What is Lymphedema of The Legs?

Say Goodbye to Compression Garments after Dr. Cheng’s Lymphedema Microsurgery

Lower Extremity Lymphedema?

The lower extremity lymphedema has a 10-49% occurrence in patients who suffer from gynecological cancers with pelvic lymph node dissection and radiation. Higher body mass index, a greater number of pelvic lymph node removal, and radiation are the top risk factors for lower extremity lymphedema caused by parasite infection (Filariasis). Primary lymphedema patients with unknown etiology for symptoms and signs are categorized by their ages of onset as congenital (less than 2 years), lymphedema praecox (2- 35 years), and lymphedema tadar (older than 35 years). The incidence is higher after cancer resection and lymph node dissection in vulva cancer followed by cervical and ovarian cancer. Recently, sentinel lymph node biopsy was selectively applied in gynecological cancer surgery to reduce the lower limb lymphedema.


Symptoms of Leg Lymphedema

Lymphedema then presents as chronic changes and swelling of the tissue and is often associated with adipogenesis or fibrotic changes in the lower limb as well. Severe fibrosis occurs with long-standing lymphedema due to the accumulation of protein-rich fluid in the interstitial spaces coupled with inflammation repeated bouts of cellulitis. It is common for lymphedema patients to experience depression, due to the physical discomfort, emotional distress and lowered quality of life.


Diagnosis of Leg Lymphedema

Dr. Ming-Huei Cheng developed a Cheng’s Lymphedema Grading tool to assess the severity of extremity lymphedema. Cheng Lymphedema Grading System is currently the most common used measurement, it is based on not only subjective criteria and clear objective findings that could facilitate discussions and meaningful comparison of the treatment proposed. The circumferential measurement is an objective analysis tool to assess the severity of lymphedema commonly by comparing the circumferential differences between the lymphedematous limb and the normal limb. Lymphoscintigraphy, computed tomography (CT), indocyanine green (ICG) lymphography, and magnetic resonance imaging (MRI) are other key diagnostic devices to determine the severity of lymphedema. The lymphoscintigraphy has been reported as the most effective indicator with 96% sensitive and 100% specific conclusion for diagnosing extremity lymphedema. The Taiwan Lymphoscintigraphy Staging systems was published in 2018 at Annals of Surgery.


Treatment of Lower Extremity

Treatments of lymphedema are aimed to control infection, to reduce the swelling of the extremity and to improve the quality of life. Basic treatments of lymphedema start with conservative physical therapy, including manual lymphatic drainage and compression bandage-centered decongestive lymphatic therapy. The efficacy of conservative physical therapy presents only when the patients are compliant with the treatment program. However, it also carries risks of intravascular cancer metastasis and thrombosis formation. Surgical treatments are indicated when first line conservative measures fail and when patients present with late stage disease. There are two main categories of surgical treatment: excisional and physiologic procedures. Excisional procedures are essentially a surgical reduction of excess fibro-adipose tissue in the affected limb while physiologic procedures reconstruct the lymphatic system to improve physiologic drainage. Surgical treatments are also “be cure and control”, the goals of treatment are similarly preventing progression of disease and reducing morbidities.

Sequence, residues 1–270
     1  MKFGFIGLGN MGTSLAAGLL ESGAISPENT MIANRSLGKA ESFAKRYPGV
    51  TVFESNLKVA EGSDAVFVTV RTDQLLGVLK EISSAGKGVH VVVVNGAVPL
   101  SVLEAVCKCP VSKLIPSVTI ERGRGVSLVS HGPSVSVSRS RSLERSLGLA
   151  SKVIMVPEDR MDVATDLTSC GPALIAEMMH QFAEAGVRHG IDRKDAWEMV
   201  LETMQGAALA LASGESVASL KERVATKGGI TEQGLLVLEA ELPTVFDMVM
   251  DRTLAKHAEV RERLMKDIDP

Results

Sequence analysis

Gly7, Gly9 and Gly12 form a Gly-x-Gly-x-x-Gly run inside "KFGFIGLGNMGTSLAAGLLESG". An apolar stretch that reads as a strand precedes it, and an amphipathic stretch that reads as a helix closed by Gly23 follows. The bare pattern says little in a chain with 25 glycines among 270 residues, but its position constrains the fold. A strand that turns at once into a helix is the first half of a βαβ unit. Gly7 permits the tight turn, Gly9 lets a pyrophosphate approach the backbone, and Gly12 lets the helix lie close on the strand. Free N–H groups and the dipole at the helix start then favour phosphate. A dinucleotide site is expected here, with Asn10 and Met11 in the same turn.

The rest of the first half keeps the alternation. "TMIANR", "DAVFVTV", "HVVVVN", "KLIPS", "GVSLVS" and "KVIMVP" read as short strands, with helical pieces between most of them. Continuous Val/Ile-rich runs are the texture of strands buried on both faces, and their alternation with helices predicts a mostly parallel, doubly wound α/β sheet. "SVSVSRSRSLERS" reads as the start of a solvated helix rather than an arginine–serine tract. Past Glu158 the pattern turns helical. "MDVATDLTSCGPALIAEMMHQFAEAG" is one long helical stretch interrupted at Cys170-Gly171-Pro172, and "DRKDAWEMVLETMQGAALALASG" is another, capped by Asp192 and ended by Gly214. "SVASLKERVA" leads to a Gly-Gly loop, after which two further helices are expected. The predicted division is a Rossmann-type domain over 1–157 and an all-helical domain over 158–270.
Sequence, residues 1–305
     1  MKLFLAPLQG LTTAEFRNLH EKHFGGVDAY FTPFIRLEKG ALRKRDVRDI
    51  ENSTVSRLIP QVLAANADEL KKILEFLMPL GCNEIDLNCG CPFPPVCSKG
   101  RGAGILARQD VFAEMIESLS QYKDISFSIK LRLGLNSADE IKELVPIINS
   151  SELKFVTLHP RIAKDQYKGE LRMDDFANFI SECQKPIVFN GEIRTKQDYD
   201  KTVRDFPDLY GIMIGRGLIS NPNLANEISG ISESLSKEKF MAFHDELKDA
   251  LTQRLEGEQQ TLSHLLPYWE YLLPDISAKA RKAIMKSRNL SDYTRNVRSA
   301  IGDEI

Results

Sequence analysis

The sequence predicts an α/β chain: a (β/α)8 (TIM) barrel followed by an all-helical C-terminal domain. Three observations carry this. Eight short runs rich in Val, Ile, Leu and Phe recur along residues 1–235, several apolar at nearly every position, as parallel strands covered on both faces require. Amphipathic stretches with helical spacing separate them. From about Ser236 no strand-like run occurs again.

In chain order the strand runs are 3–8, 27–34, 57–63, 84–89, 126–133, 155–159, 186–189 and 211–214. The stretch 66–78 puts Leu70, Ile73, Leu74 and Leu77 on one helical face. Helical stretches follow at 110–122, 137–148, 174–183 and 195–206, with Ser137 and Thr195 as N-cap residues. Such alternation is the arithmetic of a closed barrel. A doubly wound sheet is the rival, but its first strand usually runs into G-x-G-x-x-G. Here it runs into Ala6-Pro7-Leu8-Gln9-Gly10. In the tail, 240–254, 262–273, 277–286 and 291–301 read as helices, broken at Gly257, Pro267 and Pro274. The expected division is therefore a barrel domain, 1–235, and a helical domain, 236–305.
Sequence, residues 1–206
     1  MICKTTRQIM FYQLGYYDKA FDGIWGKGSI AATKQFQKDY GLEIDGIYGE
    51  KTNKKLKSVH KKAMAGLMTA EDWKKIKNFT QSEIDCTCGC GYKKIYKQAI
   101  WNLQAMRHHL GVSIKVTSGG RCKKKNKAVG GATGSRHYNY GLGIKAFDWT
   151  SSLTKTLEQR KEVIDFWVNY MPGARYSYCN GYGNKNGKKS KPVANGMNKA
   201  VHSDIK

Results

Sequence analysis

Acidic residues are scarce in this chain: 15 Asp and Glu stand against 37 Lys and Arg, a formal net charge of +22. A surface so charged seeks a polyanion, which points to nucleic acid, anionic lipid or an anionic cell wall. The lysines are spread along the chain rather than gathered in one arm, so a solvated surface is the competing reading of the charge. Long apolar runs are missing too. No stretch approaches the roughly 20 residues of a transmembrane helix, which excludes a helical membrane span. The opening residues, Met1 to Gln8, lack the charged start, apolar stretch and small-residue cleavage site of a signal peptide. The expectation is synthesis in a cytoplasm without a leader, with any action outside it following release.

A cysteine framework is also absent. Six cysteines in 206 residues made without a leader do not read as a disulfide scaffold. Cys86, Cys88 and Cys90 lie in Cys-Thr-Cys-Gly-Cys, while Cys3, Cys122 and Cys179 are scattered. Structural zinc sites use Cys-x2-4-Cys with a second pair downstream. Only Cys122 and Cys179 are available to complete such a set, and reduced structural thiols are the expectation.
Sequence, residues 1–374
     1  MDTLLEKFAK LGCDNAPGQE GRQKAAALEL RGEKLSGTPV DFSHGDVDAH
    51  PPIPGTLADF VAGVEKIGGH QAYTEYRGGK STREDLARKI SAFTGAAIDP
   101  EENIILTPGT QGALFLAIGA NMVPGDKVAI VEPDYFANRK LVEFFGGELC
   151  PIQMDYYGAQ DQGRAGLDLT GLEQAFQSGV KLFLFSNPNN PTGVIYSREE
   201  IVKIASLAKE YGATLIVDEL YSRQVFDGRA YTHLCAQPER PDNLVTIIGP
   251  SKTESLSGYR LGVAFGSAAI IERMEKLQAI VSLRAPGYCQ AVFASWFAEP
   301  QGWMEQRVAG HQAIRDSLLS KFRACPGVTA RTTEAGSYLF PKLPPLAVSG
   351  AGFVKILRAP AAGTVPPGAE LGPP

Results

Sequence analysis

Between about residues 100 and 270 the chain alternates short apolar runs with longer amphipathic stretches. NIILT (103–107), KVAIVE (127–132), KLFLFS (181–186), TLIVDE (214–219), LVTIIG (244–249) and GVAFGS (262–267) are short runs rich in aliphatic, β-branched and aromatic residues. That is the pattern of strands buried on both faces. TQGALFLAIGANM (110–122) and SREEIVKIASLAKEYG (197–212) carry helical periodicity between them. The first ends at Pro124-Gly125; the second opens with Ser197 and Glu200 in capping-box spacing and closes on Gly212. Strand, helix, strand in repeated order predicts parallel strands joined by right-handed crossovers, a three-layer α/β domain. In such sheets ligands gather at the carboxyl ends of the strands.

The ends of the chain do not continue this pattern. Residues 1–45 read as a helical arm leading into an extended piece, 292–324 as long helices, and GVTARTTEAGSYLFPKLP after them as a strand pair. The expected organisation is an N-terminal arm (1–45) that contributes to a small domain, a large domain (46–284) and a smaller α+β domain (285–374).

Debulky surgery and circumferential suction-assisted lipectomy can be performed to reduce the severely, non-pitting lymphedematous extremity. More technical demanding surgeries, such as lymphaticovenous anastomosis and Free vascularized lymph node transfer The basic physiologic mechanism of the vascularized lymph node flap is that lymph is absorbed by the transferred lymph nodes and drained into a donor vein through natural lymphaticovenous connections inside a flap. The arterial flow from the recipient artery to the vascularized lymph node flap provides the driving force for venous return and hence, continuous lymph drainage. We report the transfer of a vascularized submental lymph node flap to the ankle is a novel approach for the effective treatment of lower extremity lymphedema. There was no donor site morbidity. At a mean follow-up of 8.7 ± 4.2 months, the mean reduction of the leg circumfer- ence was 64±11.5% above the knee, 63.7±34.3% below the knee and 67.3±19.2% above the ankle. All of the patients did not use compression garments post-operatively!


Recommended reading journal:

  1. A novel approach to the treatment of lower extremity lymphedema by transferring a vascularized submental lymph node flap to the ankle.
    Cheng MH, Huang JJ, Nguyen DH, Saint-Cyr M, Zenn MR, Tan BK, Lee CL.
    Gynecol Oncol. 2012 Jul;126(1):93-8.
  2. Simultaneous Bilateral Submental Lymph Node Flaps for Lower Limb Lymphedema Post Leg Charles Procedure.
    Ito R, Lin MC, Cheng MH.
    Plast Reconstr Surg Glob Open. 2015 Sep 15;3(9):e513.
  3. Vascularized lymph node transfer for treatment of extremity lymphedema: An overview of current controversies regarding donor sites, recipient sites and outcomes.
    Pappalardo M, Patel K, Cheng MH.
    J Surg Oncol. 2018 Jun;117(7):1420-1431.
  4. Correlation between Quantity of Transferred Lymph Nodes and Outcome in Vascularized Submental Lymph Node Flap Transfer for Lower Limb Lymphedema.
    Gustafsson J, Chu SY, Chan WH, Cheng MH.
    Plast Reconstr Surg. 2018 Jul 10.
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